The use of national discretion with respect to Basel III’s net stable funding ratio (NSFR) requirement, designed to reduce banks’ dependence on short-term funding, reduced their need to issue long-term listed debt before it comes into force on at the beginning of January 2018. But in the run-up to that deadline we could see some of the country’s larger FIs top up their Tier 1 through the issuance of Additional Tier 1 instruments. So far, just two South African banks – Nedbank and Barclays Africa – issued AT1 instruments in 2016.
At the same time, bank’s refinancing needs are likely to drive greater issuance of Tier 2 instruments.
“Combined with weak credit demand, banks notably pulled back on issuance in 2016 but we expect supply to resume in early 2017,” explained RMB analysts in a recently published credit research note.
“The potential relative shortage of bank senior paper might be partially offset by an increased supply of subordinated debt.”
Because of the requirement to replace grandfathered debt with new Basel III-compliant Tier 2 debt, 2016 saw relatively subdued refinancing needs. Subordinated bank bond issuance, on the other hand, was strong: ZAR14.5bn by the end of October 2016, of which ZAR1.9bn was Additional Tier 1.
“In 2017, however, we estimate major refinancing needs: ZAR12bn of Tier 2 debt will reach its call dates with more than 80% concentrated in the second half of the year. Therefore, we expect ample supply of T2 bank paper.”
Elena Ilkova, a credit analyst at RMB and one of the report’s authors said it is unlikely we will see a spike in Additional Tier 1 issuances beyond the two banks that already issue given where pricing is on these instruments.
“A lot of the focus tends be around Tier 2 because the country’s banks tend to be very well capitalised,” she explained. “There are a couple of things prompting banks to stay on the sidelines – particularly regulations around the resolution and recovery regime, which are expected to be introduced in 2017.”
The Special Resolution Bill, currently a draft but due to be finalised later this year, cements a wide range of important thresholds and institutional roles required under Basel III including the establishment of a financial institution resolution authority (SARB), the creation of a deposit guarantee scheme, more detailed rules on bail-in procedures, rules that enforce the creditor hierarchy (No-Creditor-Worse-Off rule), and the possible introduction of the total loss-absorbing capacity (TLAC) principle.
FIs Hampered by Slow Growth
Eroding growth and other threats to bank deposits could put additional pressure on the country’s banks to raise more capital.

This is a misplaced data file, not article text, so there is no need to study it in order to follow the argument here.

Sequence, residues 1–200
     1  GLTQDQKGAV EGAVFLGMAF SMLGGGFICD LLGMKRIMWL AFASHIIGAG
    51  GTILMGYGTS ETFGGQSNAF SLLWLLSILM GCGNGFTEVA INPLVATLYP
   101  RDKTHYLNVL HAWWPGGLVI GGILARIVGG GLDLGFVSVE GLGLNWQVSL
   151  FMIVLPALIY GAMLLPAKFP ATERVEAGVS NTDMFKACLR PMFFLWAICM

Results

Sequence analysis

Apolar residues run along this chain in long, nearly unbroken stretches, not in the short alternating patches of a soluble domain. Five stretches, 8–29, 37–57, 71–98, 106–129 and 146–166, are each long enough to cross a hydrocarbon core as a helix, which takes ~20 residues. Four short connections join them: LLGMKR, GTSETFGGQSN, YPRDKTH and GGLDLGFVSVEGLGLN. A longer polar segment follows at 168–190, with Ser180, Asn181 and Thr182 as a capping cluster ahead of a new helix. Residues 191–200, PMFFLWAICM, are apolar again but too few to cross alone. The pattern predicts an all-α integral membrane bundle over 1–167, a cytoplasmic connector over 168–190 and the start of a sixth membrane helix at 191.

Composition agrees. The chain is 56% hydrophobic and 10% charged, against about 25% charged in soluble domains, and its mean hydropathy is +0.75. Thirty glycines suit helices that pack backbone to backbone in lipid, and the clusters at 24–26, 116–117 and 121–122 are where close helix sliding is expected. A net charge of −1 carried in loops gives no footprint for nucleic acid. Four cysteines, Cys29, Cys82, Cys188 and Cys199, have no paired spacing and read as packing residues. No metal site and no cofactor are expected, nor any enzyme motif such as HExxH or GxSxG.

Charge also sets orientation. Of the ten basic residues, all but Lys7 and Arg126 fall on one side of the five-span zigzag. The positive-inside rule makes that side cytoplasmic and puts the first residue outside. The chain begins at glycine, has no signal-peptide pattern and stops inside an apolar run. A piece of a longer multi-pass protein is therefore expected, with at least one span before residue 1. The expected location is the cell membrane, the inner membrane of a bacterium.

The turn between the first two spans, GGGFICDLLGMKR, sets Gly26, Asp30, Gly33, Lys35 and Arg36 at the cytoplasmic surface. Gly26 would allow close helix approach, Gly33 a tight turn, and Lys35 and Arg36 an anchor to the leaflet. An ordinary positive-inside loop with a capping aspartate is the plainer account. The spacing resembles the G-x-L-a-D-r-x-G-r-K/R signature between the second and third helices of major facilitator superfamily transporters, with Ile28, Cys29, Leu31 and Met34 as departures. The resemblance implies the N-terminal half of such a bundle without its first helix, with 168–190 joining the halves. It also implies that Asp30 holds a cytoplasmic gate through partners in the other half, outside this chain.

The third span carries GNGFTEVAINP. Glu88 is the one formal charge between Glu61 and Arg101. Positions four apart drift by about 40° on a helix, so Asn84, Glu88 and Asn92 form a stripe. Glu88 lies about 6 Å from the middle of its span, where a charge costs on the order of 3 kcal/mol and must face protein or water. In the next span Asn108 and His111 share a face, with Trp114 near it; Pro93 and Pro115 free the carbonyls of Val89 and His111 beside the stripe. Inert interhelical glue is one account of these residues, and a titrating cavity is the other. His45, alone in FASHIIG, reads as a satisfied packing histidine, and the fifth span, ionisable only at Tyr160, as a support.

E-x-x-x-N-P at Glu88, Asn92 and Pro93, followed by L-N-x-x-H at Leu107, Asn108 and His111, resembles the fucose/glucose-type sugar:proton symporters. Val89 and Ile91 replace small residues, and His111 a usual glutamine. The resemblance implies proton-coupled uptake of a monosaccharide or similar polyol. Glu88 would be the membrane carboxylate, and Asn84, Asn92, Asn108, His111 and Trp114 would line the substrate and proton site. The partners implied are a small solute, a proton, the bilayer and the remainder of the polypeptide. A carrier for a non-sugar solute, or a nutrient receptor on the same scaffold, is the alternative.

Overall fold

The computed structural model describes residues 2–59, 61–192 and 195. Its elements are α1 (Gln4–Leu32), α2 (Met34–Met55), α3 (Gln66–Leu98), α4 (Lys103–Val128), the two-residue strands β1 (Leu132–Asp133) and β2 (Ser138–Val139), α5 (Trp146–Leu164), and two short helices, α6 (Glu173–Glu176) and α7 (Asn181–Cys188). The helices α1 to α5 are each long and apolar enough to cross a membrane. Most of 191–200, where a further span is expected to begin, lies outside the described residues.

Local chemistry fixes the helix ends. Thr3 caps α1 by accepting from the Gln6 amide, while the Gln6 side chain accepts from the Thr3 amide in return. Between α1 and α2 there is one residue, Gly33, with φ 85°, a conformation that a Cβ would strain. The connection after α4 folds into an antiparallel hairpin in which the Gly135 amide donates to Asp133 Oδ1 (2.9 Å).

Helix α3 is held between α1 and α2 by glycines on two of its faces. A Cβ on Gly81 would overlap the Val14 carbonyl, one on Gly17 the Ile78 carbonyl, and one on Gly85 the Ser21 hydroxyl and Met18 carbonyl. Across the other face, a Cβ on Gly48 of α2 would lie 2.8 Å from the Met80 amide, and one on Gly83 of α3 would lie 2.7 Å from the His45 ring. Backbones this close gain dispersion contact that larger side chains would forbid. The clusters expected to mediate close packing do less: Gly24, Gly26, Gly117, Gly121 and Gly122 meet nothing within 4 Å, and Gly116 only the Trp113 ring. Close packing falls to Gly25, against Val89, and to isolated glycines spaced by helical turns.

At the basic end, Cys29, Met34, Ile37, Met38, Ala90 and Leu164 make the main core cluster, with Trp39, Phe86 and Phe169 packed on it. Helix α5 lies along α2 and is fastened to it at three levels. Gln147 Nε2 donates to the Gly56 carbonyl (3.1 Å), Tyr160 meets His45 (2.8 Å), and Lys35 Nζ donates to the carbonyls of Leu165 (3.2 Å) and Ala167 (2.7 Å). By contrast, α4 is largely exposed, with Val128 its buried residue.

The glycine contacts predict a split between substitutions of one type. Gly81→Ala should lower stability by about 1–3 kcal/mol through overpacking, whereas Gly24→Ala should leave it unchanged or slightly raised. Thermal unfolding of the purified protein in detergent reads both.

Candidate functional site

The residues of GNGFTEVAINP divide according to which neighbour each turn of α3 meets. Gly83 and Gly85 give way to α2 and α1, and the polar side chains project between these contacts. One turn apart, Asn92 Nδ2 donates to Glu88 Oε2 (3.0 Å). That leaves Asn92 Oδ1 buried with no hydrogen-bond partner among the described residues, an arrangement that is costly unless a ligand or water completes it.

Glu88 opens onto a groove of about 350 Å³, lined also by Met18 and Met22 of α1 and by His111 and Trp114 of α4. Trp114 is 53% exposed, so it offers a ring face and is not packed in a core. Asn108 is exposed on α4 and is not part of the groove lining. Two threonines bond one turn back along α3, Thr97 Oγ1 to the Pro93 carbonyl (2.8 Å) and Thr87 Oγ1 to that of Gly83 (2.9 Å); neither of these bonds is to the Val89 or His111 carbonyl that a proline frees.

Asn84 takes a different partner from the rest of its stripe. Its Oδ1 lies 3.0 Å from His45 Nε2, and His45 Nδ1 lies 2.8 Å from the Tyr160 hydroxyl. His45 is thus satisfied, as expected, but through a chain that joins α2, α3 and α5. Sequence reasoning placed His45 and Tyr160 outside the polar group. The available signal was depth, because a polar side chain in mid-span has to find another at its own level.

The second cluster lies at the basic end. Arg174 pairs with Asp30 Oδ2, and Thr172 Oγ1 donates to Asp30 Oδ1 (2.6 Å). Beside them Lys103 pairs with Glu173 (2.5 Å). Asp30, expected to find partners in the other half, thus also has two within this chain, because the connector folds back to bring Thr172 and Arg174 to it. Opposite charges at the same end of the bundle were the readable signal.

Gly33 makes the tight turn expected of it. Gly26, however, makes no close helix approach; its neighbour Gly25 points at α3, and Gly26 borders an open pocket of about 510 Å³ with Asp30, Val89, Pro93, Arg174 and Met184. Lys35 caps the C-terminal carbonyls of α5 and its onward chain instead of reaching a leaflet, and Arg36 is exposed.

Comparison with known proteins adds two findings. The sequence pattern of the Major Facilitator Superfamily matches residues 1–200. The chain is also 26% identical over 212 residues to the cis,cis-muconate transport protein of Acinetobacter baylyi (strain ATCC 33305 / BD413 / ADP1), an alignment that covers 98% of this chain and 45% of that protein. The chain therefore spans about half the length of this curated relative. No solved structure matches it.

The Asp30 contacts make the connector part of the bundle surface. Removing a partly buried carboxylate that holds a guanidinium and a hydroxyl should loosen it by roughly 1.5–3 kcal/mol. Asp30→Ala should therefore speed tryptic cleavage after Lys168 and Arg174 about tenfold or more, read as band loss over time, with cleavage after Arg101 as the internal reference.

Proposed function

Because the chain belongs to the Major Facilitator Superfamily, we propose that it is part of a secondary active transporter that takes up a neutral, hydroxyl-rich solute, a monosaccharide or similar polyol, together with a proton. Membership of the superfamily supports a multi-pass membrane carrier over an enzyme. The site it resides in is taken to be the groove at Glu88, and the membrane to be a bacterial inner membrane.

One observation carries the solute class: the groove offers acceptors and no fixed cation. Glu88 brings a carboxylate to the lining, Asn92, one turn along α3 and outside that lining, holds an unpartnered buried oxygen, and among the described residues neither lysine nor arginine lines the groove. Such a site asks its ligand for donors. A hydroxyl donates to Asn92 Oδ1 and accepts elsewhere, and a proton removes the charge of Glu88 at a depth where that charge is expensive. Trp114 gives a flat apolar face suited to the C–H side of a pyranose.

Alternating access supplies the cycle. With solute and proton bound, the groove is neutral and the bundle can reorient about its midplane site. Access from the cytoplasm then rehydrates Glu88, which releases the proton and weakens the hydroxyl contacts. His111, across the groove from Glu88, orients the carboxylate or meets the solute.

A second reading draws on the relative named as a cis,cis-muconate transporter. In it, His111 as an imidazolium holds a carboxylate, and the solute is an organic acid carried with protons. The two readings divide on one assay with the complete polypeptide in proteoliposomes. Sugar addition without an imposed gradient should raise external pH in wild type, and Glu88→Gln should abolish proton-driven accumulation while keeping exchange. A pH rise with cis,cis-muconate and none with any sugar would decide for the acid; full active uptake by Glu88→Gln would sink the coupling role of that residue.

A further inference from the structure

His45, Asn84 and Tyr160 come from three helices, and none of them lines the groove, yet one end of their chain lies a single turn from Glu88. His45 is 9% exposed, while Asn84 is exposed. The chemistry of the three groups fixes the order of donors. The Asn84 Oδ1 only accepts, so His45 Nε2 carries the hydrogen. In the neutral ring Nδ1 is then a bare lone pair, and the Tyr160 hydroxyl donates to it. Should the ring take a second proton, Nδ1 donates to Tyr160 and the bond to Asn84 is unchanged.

South Africa went through a rating review cycle of all three major agencies near the end of last year, with many anticipating a downgrade into junk territory. S&P moved the sovereign’s local currency rating down a notch from ‘BBB+’ with a negative outlook to ‘BBB’ with a negative outlook and maintained the foreign currency rating at ‘BBB-’ with a negative outlook.
In a report released in February, the rating agency reiterated a negative outlook on the country’s banks, citing stressed household incomes and reduced housing affordability among other potential threats to deposits. It also said a number of banks are likely to restructure their funding profiles as they look to meet more stringent capital requirements introduced through the Basel III phase-in.
Fitch Ratings affirmed South Africa’s local and foreign currency rating at ‘BBB-’ but changed the outlook from stable to negative, while Moody’s retained its Baa2 rating. It also revised the outlook on Absa Bank Limited (Absa), FirstRand Bank, Investec, Nedbank, and Standard Bank to negative.
“Fitch expects sector asset quality to deteriorate moderately in 2017, due to weaker domestic conditions, including slower growth, higher interest rates and rising inflation as well as risks to operations in rest of Africa. As a consequence, we expect the industry's impaired loan ratio to rise to around 4% by end-2017, but within tolerable levels for the banks' ratings,” the agency said.
Despite rebounding from 5-years lows, GDP looks set to record a modest 1.5% in 2017 according to analysts and Standard Bank, up from a dismal 0.4% seen last year. From S&P’s perspective this GDP growth outlook is well below investment grade, which requires that SA return to a 3% potential growth trajectory over the medium term, potentially putting the sovereign on the downgrade path.